TAM 200 Auxiliary Systems and Inspections for Powerplants. All of the subject areas in the powerplant curriculum culminate in this course, to provide students with the opportunity to hone skills learned earlier. Periodic inspections of reciprocating or turbine engines, propellers or engine accessories are typical activities in lab. These inspections include extensive research of maintenance publications and effective documentation of inspection activities. Students may also inspect, service and repair, fire protection systems and powerplant instrument systems. The powerplant curriculum subjects included in this course and required by FAR Part 147, Appendix D are as follows: Engine Fire Protection Systems, Engine Instrument Systems and Engine Inspections. Prerequisite: At least eight credit hours of course work in the powerplant curriculum, or the transfer of an equivalent course work, or documentation of significant experience in the maintenance of aircraft engines, or instructor’s permission are requirements for entry into this course. 5 credit hours.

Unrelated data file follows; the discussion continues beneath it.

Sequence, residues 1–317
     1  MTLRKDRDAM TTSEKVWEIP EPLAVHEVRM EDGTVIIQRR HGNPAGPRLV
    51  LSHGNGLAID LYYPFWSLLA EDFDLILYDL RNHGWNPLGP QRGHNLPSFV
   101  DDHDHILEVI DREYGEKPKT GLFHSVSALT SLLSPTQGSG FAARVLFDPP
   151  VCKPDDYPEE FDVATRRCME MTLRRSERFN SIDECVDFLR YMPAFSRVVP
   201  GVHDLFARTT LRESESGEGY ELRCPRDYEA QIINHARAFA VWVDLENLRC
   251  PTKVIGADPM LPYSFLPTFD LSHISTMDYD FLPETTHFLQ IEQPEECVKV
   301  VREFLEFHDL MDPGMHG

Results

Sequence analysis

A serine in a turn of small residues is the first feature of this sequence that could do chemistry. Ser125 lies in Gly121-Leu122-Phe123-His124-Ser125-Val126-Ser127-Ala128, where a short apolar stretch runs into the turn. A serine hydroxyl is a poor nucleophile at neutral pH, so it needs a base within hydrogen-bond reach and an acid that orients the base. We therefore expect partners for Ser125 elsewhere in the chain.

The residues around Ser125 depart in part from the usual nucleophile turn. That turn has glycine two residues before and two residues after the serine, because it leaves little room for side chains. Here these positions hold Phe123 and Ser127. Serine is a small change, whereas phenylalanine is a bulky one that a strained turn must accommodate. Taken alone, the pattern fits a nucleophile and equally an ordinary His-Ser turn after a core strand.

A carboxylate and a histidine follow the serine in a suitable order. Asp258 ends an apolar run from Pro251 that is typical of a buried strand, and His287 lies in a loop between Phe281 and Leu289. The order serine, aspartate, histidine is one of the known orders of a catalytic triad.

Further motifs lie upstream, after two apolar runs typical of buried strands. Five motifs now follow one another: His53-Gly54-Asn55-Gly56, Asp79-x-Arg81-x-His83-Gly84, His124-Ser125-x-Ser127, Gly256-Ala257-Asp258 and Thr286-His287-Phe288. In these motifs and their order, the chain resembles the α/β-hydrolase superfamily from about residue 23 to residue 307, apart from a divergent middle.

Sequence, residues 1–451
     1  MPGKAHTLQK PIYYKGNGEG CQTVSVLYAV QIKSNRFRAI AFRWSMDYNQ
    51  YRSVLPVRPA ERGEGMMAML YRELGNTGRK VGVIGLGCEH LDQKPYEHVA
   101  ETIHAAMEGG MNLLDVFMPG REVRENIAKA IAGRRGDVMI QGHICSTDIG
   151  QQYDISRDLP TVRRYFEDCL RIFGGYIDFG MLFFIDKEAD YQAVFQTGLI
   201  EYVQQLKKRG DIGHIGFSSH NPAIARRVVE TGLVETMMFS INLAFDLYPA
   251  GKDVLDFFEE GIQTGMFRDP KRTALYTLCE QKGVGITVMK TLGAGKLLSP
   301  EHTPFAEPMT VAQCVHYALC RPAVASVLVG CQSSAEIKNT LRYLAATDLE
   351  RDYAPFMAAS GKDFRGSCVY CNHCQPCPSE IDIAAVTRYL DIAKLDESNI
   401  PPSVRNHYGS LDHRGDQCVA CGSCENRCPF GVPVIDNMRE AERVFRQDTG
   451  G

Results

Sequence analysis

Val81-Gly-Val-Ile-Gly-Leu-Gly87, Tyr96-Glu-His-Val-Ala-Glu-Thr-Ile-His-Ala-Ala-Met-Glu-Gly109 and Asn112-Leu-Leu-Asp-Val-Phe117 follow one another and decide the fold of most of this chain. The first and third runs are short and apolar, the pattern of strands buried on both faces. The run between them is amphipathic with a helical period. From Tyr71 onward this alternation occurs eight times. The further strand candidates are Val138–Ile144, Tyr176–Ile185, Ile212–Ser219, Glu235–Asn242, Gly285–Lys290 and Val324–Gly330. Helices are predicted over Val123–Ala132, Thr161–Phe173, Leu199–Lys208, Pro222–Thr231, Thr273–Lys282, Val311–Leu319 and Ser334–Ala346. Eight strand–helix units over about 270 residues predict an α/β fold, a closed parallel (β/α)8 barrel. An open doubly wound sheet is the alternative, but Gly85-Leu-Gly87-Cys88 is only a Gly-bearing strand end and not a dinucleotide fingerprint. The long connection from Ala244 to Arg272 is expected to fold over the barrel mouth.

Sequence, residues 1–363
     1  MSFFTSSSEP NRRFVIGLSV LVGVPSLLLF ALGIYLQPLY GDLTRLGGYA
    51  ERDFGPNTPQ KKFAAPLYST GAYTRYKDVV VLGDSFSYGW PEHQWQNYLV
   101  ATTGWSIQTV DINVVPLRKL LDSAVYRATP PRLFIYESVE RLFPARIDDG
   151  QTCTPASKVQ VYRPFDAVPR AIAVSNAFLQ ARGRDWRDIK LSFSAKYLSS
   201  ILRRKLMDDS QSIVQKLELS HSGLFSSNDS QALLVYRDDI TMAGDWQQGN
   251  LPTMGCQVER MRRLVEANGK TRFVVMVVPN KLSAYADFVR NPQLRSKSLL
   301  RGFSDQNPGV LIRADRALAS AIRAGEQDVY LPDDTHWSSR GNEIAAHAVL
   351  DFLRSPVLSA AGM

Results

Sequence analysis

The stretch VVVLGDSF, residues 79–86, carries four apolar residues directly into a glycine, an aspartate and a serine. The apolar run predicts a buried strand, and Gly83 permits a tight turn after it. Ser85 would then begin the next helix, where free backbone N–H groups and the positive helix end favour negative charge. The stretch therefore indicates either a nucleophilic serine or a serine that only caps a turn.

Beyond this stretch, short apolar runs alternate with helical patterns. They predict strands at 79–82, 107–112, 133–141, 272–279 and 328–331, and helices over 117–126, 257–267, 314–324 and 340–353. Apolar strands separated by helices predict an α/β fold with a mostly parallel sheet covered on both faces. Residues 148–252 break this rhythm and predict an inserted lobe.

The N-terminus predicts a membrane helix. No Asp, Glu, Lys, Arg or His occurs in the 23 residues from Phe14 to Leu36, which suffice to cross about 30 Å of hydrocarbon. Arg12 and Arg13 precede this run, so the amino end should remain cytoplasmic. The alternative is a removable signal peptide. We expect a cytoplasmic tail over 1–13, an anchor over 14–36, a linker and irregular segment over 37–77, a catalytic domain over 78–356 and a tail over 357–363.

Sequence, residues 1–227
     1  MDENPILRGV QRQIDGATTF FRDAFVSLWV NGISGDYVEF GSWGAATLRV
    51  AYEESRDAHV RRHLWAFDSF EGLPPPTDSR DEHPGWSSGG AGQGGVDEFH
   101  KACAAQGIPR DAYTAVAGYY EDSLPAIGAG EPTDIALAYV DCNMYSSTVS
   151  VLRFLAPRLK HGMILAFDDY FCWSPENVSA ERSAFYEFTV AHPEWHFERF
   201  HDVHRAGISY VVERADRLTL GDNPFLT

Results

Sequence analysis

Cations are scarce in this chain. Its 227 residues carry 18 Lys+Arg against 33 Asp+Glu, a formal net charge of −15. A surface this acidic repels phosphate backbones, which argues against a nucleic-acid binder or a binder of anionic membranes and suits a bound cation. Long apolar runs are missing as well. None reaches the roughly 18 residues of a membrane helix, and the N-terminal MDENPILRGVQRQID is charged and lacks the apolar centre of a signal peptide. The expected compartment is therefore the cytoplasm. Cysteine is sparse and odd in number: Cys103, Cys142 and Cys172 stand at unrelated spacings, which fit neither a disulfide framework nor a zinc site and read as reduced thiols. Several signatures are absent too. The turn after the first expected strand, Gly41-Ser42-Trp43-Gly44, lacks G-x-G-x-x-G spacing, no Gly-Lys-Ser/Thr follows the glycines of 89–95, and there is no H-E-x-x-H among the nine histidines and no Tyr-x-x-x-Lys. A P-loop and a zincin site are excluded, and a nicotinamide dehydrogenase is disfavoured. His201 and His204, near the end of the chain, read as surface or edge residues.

TAM 208 Introduction to Aircraft Welding. This course focuses on the various types of welding used with aircraft structural materials. Introduces the student to oxy-gas welding as well as arc welding. Includes introduction to soldering and brazing of steel sheet and tube steel. Students will demonstrate skills in the fabrication and repair of a steel tube cluster as outlined in AC-43.13 1B. The airframe curriculum subject included in this course and required by FAR Part 147, Appendix C, is Welding. 2 credit hours.